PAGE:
This has been an especially busy several days in homeland security. The list of issues and events could be quite long. The following strike me as requiring at least a reference here.
The decision to close the Los Angeles public schools after receiving an emailed terrorist threat was defended by the LA Times editorial board. They wrote, “with the San Bernardino shootings still a vivid memory, and with a somewhat more detailed threat in hand, district officials believed they had little choice but to close the schools. Had anything happened to a student or teacher, the horror would have been unspeakable, a wound from which it would be hard to recover. It’s easy to understand why the district erred on the side of safety.”
New York received a very similar — even identical — threat but decided differently.
“We are born of immigrants. That is who we are. Immigration is our origin story. And for more than two centuries, it’s remained at the core of our national character; it’s our oldest tradition. It’s who we are. It’s part of what makes us exceptional,” the President told new citizens who had just participated in a naturalization ceremony at the National Archives. Given increasing public anxieity regarding immigrants, it was a powerful, even poignant event.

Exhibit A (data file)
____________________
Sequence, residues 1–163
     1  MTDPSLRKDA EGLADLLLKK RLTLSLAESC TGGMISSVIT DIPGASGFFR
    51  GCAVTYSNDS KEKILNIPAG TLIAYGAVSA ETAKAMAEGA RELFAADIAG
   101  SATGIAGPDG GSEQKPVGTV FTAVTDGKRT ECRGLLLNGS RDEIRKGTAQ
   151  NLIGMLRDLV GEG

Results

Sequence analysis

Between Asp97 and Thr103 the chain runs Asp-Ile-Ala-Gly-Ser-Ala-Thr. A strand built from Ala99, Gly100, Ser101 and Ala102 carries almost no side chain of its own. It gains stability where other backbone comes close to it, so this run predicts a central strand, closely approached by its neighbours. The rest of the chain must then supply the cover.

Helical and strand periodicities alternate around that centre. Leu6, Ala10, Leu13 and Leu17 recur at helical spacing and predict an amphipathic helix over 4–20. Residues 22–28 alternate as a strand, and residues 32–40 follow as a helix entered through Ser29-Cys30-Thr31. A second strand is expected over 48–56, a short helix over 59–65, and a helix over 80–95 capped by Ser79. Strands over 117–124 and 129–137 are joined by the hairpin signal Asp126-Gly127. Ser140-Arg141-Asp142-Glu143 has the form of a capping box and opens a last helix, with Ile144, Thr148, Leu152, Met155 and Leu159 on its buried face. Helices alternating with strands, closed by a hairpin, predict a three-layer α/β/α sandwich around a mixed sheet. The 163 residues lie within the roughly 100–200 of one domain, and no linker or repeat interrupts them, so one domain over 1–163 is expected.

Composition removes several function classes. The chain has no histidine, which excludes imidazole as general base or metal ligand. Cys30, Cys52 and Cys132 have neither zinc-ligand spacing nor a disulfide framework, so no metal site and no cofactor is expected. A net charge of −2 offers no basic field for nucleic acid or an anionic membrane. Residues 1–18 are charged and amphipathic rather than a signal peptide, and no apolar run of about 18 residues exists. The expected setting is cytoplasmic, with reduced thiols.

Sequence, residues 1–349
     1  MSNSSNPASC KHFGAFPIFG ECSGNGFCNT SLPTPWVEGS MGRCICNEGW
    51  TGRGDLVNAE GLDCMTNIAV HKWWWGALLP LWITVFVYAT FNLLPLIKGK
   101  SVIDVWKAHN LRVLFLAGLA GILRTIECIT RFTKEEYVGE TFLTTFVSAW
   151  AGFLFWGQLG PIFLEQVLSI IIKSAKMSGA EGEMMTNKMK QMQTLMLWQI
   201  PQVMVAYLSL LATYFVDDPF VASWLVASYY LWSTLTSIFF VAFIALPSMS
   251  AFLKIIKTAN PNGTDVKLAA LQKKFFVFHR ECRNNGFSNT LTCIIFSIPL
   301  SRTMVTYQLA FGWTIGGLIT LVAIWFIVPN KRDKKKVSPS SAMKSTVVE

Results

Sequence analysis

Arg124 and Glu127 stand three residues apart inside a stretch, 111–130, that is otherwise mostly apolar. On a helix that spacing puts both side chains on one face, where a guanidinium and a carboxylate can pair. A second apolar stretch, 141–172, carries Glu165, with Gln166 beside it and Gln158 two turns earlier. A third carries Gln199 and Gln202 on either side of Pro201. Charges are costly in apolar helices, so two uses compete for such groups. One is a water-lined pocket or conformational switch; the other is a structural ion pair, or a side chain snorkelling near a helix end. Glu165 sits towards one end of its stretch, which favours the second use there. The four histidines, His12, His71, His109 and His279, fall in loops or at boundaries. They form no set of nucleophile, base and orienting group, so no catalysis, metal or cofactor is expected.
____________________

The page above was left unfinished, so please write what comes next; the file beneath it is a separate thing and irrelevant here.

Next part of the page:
Writing in Politico Michael Hirsh argues that the recent terrorist attacks and even more recent climate deal in Paris reflect the darkest and the brightest aspects of life on our planet. He writes, “The question is whether the political leaders who signed what is being called “L’accord de Paris” were more effective in their efforts to preserve this civilization than the terrorists were in theirs to destroy it. Granted, the climate pact has plenty of holes—the biggest of which is that it is fairly nonbinding—but it still represents the strongest global consensus in two decades on climate change, bringing in nearly every nation on earth…”